In the third in a series of six major policy speeches, ACT Party Leader Don Brash will tomorrow announce the cornerstone economic policies the party plans to campaign on and fight hard for in the next government.
The speech, delivered to the Workplace Savings Industry Conference in Auckland, sets out an economic package to boost productivity and address the deep structural imbalances in the economy, and would represent a radical step-change from the policies that have brought New Zealand to the brink of economic crisis.
"Our net debt to foreign creditors is around 90 percent of GDP, right up there with Greece, and Australian incomes are on average still 38 percent higher than ours.
"Our productivity growth is among the slowest in the developed world and pathetic compared with the rapid growth of countries in Eastern Europe and Asia.
"Meanwhile 65,000 people between 15 and 24 years of age are unemployed, 38% of young Maori between the age of 15 and 19 are unemployed, and at least 220,000 children are growing up in benefit-dependent households."
Dr Brash said that while the economic package he would announce tomorrow contained sound mainstream policies that economists widely concurred with, of necessity it needed to be bold.
"Expect to hear courageous positions on the hard issues, including the scandalous electoral bribes introduced by the Clark/Cullen government such as interest-free student loans - which Bill English described as 'an election year bribe on an unprecedented scale', but which has been left unchanged.
"You can also expect strong advocacy for radical reform of the RMA and privatisation, and realism about the age of eligibility for New Zealand Superannuation.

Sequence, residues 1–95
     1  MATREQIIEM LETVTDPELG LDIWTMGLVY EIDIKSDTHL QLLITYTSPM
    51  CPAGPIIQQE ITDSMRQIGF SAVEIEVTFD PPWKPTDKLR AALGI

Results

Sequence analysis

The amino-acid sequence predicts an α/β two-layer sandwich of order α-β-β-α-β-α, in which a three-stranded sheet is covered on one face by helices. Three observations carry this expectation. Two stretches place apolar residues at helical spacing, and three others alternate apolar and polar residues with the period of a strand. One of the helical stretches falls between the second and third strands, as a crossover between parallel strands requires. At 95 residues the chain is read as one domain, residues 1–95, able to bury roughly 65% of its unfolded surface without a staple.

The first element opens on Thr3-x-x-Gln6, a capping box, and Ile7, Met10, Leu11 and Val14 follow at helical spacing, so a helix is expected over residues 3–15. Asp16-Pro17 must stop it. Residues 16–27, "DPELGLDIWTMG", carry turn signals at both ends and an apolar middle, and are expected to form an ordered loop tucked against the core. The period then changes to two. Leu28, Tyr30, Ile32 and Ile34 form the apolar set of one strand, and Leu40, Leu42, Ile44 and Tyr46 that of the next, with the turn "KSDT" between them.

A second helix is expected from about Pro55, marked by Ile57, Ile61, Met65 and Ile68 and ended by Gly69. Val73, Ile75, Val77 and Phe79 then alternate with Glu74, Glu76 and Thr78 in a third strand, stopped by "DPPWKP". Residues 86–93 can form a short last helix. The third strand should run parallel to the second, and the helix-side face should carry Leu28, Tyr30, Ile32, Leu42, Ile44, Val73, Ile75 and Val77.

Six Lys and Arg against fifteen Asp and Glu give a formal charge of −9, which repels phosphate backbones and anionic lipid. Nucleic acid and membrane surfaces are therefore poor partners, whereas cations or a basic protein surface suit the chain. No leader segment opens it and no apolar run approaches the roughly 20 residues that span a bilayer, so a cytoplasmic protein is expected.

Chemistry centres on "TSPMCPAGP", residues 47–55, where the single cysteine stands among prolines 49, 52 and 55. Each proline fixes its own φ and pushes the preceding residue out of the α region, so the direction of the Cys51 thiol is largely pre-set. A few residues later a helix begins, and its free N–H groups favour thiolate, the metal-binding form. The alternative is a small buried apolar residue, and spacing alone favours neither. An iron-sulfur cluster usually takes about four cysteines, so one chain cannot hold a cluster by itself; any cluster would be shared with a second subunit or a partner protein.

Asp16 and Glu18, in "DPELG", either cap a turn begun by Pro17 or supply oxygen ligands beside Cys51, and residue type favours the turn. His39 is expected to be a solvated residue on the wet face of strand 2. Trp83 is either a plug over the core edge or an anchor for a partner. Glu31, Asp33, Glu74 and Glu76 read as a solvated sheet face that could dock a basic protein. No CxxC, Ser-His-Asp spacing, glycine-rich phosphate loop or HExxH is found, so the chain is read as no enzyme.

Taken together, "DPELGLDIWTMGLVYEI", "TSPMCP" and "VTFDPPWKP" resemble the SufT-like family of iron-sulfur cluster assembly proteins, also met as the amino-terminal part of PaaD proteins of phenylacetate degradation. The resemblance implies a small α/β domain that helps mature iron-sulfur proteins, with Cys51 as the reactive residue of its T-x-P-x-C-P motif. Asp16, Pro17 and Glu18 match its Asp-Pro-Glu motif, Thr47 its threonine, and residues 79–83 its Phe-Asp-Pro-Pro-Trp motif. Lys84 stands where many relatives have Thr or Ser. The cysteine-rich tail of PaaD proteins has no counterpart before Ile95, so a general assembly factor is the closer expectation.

"The National Government didn't create the current mess; for the most part it was created by the Clark-Cullen Government.
"Over the past three years, especially with ACT's contribution on such matters as the 90 day probation period and the establishment of the Productivity Commission, National has made a few steps forward.
"But it needs to move further and faster. I can't sit by and watch the country sliding downhill while our bright young people continue to leave in droves."
Dr Brash said his motivation for returning to Parliament was to help create a better New Zealand for his children and grandchildren.
"This is, perhaps, a rather extreme example of special interest politics, but I make no apology because what's good for my children and grand-children is good for your children and grand-children also.
"I see no reason why New Zealand can't again lead the world in living standards, with good jobs paying good wages for all New Zealanders. We can eliminate poverty and give our children and grandchildren the option of having a good life here or a good life abroad. It's just going to take some vision and courage, and ACT has plenty of that to offer," Dr Brash concluded.